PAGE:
As of June 30, 2010, we had cash of $319,044 and net working capital of $68,783, compared to cash of $1,034,848 and a working capital of $1,422,689 as of December 31, 2009.  The decrease in working capital was due to the Company’s investments in real estate and related note receivable, which began in January 2010, offset by the sale of real estate in June 2010 for a gross profit and corresponding increase in working capital of $231,941.

For the six months ended June 30, 2010 we had a decrease in total cash resources of $715,804. The decrease in cash is primarily due to the Company’s investment in real estate and related note receivable totaling $1,634,030.  The Company used an additional $52,481 in operations during the six months ended June 30, 2010 compared to net cash used in operations of $409,149 for the six months ended June 30, 2009.  During the six months ended June 30, 2010, the Company collected $120,000 of principal on the note receivable related to its investment in real estate, issued debt for net proceeds of $191,440, and sold marketable securities for net proceeds of $659,267.

In July 2010, the Company successfully negotiated a decrease in the amount of funds required to satisfy certain obligations assumed as part of its acquisition of the Tesoro Preserve Development.  As result of this decreased obligation, the Company received a payment in the amount of $544,137 from the South Florida Water Management District representing a release of amounts previously escrowed to satisfy the assumed obligations.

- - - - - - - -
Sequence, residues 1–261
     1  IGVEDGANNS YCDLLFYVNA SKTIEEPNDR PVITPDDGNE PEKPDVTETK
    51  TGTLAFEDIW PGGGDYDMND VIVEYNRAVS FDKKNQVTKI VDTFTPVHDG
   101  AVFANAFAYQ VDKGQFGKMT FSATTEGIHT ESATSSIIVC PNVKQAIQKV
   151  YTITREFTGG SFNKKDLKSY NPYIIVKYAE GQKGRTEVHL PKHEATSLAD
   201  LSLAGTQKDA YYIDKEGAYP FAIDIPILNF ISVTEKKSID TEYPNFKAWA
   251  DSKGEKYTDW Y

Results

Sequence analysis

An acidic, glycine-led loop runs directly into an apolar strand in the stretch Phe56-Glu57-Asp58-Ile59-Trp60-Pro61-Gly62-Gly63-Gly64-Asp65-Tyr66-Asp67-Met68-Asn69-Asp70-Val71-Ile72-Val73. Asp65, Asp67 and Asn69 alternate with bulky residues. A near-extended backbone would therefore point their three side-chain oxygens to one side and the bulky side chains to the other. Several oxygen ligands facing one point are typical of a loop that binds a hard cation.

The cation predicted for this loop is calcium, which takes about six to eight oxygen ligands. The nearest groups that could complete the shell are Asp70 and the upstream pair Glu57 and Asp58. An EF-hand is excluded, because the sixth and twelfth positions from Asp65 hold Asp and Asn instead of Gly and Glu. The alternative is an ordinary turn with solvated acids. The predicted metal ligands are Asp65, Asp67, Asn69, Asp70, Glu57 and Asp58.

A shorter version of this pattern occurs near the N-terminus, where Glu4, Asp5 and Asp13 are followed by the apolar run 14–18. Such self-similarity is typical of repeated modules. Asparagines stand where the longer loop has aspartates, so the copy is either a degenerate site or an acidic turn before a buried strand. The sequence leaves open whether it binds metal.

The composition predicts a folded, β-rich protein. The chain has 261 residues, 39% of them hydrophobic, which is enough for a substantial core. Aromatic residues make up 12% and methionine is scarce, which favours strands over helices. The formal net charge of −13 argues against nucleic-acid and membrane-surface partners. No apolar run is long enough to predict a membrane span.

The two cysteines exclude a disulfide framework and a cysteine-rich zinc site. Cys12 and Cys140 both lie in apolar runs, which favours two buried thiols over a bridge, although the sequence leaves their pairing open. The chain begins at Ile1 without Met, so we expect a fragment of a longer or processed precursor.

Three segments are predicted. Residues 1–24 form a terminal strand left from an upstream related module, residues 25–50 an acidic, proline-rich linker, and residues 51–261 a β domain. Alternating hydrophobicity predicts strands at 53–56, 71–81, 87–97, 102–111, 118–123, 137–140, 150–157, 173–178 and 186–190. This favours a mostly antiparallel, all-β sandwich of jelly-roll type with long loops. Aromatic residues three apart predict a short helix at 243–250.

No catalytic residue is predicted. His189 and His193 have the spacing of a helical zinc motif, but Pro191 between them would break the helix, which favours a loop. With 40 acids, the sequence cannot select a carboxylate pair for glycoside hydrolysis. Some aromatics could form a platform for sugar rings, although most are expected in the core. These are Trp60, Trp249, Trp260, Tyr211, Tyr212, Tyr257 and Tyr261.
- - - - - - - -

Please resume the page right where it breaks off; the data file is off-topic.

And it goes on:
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We have spent, and expect to continue to spend, substantial amounts in connection with the implementation of our business strategy, including our revisions to our current lines of business and our future endeavors. Based on our current plans, we believe that our cash will be sufficient to enable us to meet our planned operating needs at least for the next 12 months.

Commitments and Contingencies

In January 2009, the Company entered into a one year lease agreement with Joseph C. Visconti, CEO and President, to lease a 1,750 square foot office facility for $3,190 per month ($38,280 per year) commencing January 1, 2009 and terminating on December 31, 2009.  The Company has renewed the lease for one year effective January 1, 2010.  
 
In June 2010, the Company commenced litigation against China Pharmaceuticals, a publicly traded company for breach of contract and other related claims. The Company alleges ownership of 20% of the outstanding shares of China Pharmaceuticals pursuant to a May 2009 Consulting Agreement (the `Consulting Agreement') between the Company and Xian Pharmaceuticals, Ltd, the Chinese-based operating company for China Pharmaceuticals (`collectively, China Pharmaceuticals').”
 
 
Pursuant to the terms of the Consulting Agreement, the Company agreed to provide assistance to China Pharmaceuticals in connection with their desire to become a publicly traded company in the United States. In exchange, China Pharmaceuticals agreed to compensate the Company with, among other things, the issuance and transfer of 20% of the shares of the proposed newly formed public company.